Old 1941-42 Chevy Woodie Found in Lima

Diplomonkey utilizing his super-duper street smarts while driving through the bedlam, fondly known as regular Monday morning Lima traffic, turns right and then left to find quick and unobstructed passage.  In the process, on a neighborhood backstreet he discovers a hidden rare gem.

So Diplomonkey dashes out of his aging, and less than trusty jeep, and into the mad traffic with nothing in his hand but his iPhone; wifie gasps, you are nuts – the risk is not worth the picture, get back in the jeep…its just another old truck.  No, it looks like a 1941/42 half ton Chevrolet Campbell Woodie, blares out Diplomonkey.

Chevrolet Campbell Woodie

Chevrolet Campbell Woodie

Okay, it was not all that dramatic after all since Diplomonkey safely pulled over to the side, parked the jeep, turn the hazards on, and applied the hand brake and then looked three times before crossing the street.  If anything should happen to Diplomoneky, RSO would be so very, very sad – too much paperwork and cables galore.

But what a great surprise nonetheless on a Labor Day morning, what a cool story and find.  Icing on the cake, or in this case the Alfajor, was the maroon Pontiac Le Mans 326 parked in front of the old Chevy.  

Pontiac LeMans 326

Pontiac Le Mans 326

Ah the unexpected joys and wonders of life in the foreign service life.  Who would have thought that you can even have fun while driving in Lima.

Enjoy the pictures; they are of relics from a time when vroom, vroom actually meant something….

Cheers from Lima!

Postcards from Peru – A Visit with the Yaguas

The Diplomonkeys while exploring the Amazon, albeit from the comfort of their jungle lodge base camp, receive an invitation to spend the afternoon with the Yaguas.  It’s only a quick 30-minute boat ride down the river to the village, but it is a world away in terms of differences.

Yagua Chief armed with Punaka (blowgun).

Yagua chief armed with a punaca (blowgun).

Yaguas 3

Yagua man armed with a punaca (blowgun).

Yaguas2

Yagua girl and boy.

Diplomonkey looks forward to his meeting with one of the thirty or so Yagua communities scattered across Peru’s Amazon basin.  Despite the encounter being a programmed activity, it is nonetheless an opportunity for the Diplomonkeys to interact with a people who for millennia have lived off the river and the forest.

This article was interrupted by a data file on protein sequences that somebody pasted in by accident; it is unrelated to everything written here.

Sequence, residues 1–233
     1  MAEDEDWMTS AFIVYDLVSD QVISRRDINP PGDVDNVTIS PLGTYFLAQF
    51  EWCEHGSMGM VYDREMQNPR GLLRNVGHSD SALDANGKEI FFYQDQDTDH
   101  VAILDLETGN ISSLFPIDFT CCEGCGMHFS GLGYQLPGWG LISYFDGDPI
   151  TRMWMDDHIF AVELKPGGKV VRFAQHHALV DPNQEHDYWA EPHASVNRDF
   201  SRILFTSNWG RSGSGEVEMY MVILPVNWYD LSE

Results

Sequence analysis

Yaguas4

Yaguas preparing a punaca (blowgun) demonstration.

Yaguas6

Yagua chief.

An indigenous people, the origin of whose name today appears to come from the Spanish deformation of the Quechua yawar ruba or the “blood-red people,” they are sincere in their welcoming.  The blood-red people moniker apparently comes from the Yaguas’ habit of painting their faces with achiote (seeds of the annatto plant).

Yaguas5

Yagua man pulling darts from a punaca (blowgun) target.

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Yaguas.

How different and special is this Amazon jungle. When compared to the concrete jungle in which we live, Diplomonkey thinks that green jungle is the better of the two.

Yaguas8

Yagua girl with pet sloth.

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Yagua woman.

For the little ones, as well as for the parents the Amazon represents spectacular sights, sounds, and even smells.  It is a place of torrential downpours followed by gorgeous sunsets along the river.  It is a place where the air resonates with the squeaks, squeals, and howls of untold insects, birds, and monkeys.  Here the river is stocked with exotic fish and cavorting river dolphins.  It is also a place of fresh, clean air characterized that by the welcoming odor of damp earth.  Here even a tapir makes its way deftly through our camp in the evening.